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Assassin's Creed Odyssey

Assassin's Creed Odyssey

A big, fat, Greek adventure.

  • Text: Bengt Lemne
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The Assassin's Creed franchise has been going through changes over the years, but last year's Origins was without a doubt the biggest change the franchise has seen since its start. Odyssey continues along the same path by adding a few more new features that further divert the game from its stealth-heavy action-adventure roots. There's still stealth, it's still an adventure, but the overall package is that of an open-world action-RPG and to be perfectly honest it's a change we welcome.

Assassin's Creed Odyssey steps back further in time than ever before, prior to Bayek founding of the brotherhood, but in some ways, this means the game offers more insights into the overarching lore of the first civilisation. And so in a bit of a weird twist, longtime fans will no doubt be intrigued not just by the historical setting (which is magnificent), but also about the first civilisation story arch. There are three main threads to the story, but they intertwine to create a tapestry of narrative that works surprisingly well even if the game is massive in terms of content, characters, and scale of the world.

Primarily, much like Origins, it's a story about family - a Greek tragedy if you will. Secondly, it's a story about taking down those responsible for the tragedy (the cult) and learning more about the first civilisation (this comes into play about halfway into the game). The latter part is really what the modern-day sections are about, but as in Origins, these are few, brief, and far between. As you'd expect from the series, it's a mix of serious issues, more light-hearted stuff, and some family intrigue that would make the writers of The Bold and The Beautiful jealous. For us, it's all about the characters and there were many we enjoyed getting to know along our Odyssey.

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Layla is back, and you'll have plenty of ways to customise the look and playstyle of your character including a non-Creed hood look.

The key new innovation here is player choice, and not just through dialogue but also through your actions. It starts with the first choice of protagonist between siblings Alexios and Kassandra. Basically what happens is that whoever you choose to play as becomes the older sibling in the story. Choices often have consequences later on, for instance, there's a cultist quest where you can choose to spare someone, but only if you've made a decision earlier to kill a target in private rather than creating a public spectacle. Choices also colour the dialogues with key individuals and whether you choose to speak of Gods or take a more pragmatic modern approach will shape the way Alexios or Kassandra comes across. If you've opted for violence in key scenes, this will also factor in at times. This can be more or less subtle, but overall it works well, and this is something that it's going to be hard to imagine Assassin's Creed going without in future installments.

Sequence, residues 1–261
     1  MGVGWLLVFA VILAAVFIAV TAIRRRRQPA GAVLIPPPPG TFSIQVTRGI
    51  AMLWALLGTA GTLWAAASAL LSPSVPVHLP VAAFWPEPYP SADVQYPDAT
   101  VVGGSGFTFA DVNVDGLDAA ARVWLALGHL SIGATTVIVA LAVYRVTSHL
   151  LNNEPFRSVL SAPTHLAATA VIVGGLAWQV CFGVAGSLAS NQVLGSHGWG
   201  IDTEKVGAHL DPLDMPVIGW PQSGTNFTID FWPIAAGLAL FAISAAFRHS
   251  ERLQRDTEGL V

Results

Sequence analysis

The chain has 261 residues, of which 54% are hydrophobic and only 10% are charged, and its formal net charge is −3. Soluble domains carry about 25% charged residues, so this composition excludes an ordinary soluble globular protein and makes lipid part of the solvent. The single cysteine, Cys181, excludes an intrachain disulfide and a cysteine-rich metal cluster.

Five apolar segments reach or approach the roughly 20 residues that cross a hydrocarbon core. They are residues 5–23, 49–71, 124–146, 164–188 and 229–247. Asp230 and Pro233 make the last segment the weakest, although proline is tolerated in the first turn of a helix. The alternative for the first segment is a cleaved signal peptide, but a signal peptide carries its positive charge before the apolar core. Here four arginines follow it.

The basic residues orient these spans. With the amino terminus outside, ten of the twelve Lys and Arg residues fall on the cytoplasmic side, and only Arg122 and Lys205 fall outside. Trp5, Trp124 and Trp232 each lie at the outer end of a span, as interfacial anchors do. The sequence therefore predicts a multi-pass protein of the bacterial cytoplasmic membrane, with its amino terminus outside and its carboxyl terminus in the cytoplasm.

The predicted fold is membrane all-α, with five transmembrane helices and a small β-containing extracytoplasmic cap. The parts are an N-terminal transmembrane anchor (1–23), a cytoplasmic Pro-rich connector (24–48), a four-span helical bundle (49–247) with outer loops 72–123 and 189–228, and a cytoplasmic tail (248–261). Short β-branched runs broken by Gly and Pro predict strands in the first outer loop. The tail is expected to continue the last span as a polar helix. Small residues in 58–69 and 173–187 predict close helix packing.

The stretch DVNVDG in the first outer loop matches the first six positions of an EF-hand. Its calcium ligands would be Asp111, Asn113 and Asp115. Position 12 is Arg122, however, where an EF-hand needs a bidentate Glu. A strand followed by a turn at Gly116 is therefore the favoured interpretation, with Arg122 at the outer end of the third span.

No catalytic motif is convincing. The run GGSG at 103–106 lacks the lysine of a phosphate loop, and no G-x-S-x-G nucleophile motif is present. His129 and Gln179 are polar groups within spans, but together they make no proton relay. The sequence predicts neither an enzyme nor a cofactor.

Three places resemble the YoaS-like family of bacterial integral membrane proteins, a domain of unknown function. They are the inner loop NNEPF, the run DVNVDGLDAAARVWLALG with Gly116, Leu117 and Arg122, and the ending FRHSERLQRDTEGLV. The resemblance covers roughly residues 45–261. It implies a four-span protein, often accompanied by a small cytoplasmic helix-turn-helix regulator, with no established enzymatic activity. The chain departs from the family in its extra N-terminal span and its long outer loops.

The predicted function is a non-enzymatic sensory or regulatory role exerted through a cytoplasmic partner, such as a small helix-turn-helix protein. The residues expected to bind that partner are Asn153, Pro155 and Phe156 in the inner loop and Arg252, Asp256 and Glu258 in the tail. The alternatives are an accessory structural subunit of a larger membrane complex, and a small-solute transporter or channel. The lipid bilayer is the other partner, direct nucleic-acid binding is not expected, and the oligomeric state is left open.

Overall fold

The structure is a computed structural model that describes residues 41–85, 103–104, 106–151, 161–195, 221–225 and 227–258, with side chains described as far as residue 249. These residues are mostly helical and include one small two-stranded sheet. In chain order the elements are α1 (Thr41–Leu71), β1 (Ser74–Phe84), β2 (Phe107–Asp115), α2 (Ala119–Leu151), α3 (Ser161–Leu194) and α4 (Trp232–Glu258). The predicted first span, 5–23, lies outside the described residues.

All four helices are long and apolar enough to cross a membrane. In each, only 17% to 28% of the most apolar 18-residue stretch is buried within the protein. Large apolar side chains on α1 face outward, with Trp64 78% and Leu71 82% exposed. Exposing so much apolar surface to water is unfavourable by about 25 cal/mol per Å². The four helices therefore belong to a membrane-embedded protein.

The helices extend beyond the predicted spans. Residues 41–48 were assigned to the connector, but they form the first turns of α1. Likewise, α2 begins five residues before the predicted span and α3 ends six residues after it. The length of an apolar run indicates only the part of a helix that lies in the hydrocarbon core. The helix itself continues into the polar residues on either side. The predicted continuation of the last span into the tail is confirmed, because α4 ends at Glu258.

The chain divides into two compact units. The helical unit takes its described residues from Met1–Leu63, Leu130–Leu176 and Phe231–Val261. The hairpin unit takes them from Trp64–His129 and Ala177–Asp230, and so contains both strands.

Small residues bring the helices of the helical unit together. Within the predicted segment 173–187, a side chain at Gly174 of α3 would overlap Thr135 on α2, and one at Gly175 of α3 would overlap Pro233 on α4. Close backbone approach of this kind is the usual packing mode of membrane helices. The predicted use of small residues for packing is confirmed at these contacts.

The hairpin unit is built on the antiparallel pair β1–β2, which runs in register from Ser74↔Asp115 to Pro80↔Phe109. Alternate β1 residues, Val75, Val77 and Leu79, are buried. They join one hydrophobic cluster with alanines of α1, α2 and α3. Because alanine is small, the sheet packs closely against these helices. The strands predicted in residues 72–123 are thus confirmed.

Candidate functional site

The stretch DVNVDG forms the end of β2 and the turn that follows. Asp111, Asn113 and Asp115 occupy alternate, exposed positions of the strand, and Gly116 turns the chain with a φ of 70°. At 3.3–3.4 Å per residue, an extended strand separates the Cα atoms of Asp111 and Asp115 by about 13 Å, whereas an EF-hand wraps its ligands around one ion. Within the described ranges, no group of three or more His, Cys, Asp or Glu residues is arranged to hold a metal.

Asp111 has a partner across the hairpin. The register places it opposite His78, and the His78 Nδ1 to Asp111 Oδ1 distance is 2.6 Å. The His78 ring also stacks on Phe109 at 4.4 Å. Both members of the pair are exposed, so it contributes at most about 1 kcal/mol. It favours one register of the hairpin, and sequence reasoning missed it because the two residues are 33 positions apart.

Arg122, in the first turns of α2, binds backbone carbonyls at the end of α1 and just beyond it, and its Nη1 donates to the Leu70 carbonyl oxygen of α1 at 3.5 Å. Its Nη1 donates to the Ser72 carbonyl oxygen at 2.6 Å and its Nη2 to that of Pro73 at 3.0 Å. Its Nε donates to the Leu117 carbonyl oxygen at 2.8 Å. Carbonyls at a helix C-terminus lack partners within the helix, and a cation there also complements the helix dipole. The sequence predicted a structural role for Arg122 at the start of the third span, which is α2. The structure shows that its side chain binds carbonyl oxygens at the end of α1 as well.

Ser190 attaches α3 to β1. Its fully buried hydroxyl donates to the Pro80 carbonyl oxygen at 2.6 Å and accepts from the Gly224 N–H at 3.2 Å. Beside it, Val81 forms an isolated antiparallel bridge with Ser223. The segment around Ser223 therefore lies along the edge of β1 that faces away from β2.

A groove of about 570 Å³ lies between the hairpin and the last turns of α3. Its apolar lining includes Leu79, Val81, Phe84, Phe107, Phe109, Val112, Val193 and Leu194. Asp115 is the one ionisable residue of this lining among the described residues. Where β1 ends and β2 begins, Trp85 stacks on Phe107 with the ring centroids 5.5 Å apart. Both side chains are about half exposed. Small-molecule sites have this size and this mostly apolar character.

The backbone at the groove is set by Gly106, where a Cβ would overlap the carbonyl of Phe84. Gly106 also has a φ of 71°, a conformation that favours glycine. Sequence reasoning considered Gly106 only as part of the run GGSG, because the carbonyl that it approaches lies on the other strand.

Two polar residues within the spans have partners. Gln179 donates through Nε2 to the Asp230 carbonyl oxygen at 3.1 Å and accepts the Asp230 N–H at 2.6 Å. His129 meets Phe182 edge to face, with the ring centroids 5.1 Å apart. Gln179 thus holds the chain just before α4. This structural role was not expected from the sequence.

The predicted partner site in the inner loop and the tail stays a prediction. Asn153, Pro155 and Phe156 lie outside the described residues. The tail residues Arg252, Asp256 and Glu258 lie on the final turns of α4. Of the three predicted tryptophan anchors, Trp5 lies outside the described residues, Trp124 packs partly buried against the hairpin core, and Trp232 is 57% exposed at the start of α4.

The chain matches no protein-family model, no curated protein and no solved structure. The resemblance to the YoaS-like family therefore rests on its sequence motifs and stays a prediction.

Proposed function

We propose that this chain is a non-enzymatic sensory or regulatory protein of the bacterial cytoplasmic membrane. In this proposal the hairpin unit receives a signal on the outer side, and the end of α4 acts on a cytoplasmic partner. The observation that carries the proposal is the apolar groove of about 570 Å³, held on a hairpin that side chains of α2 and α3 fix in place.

Something that was part of Origins, but only in scripted sections (and perhaps our least favourite part of the game), was naval combat. Given the geography of Greece, there's naturally going to be more naval action, but here it's all tied into one open world, much like in Black Flag. While the bulk of the game takes place on the Greek mainland and the surrounding islands, it should be said that the ship battles are fun and well crafted, and the whole system for upgrading your ship (the Adestria) and recruiting crewmates adds depth. Often you'll have guests on the ship who'll update you on the mission you're undertaking, and there's always Barnabas, who happily handed you the captaincy after you saved him early on, who loves to chat about the adventures you've had ashore.

Combat may at first seem very similar to Origins, but the addition of abilities (that you map to the face buttons) and the removal of the shield (an odd choice for a game about a Spartan outcast), makes it very different, particularly as you've progressed a handful of hours into the game. You are supremely powerful in straight-forward combat thanks to your abilities, and the ability to heal really changes the way you tackle enemies. Dodges and parries replace blocking and make for more aggressive combat and the offensive abilities add to this. We also appreciate that you can respec skill points at any point (for a bunch of Drachmae), which means that you can adjust for a certain encounter or simply if you want to make your character focus more on skills in a certain tree (Hunter, Assassin, Warrior). Most players will likely create a useful mix of passive and active abilities, but being able to switch out skill points spent on abilities you don't use is always a good thing.

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